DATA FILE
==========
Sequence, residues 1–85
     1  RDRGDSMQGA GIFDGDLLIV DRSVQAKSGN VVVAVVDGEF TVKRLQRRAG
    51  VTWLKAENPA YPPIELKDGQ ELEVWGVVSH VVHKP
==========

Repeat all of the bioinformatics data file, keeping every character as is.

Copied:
Sequence, residues 1–85
     1  RDRGDSMQGA GIFDGDLLIV DRSVQAKSGN VVVAVVDGEF TVKRLQRRAG
    51  VTWLKAENPA YPPIELKDGQ ELEVWGVVSH VVHKP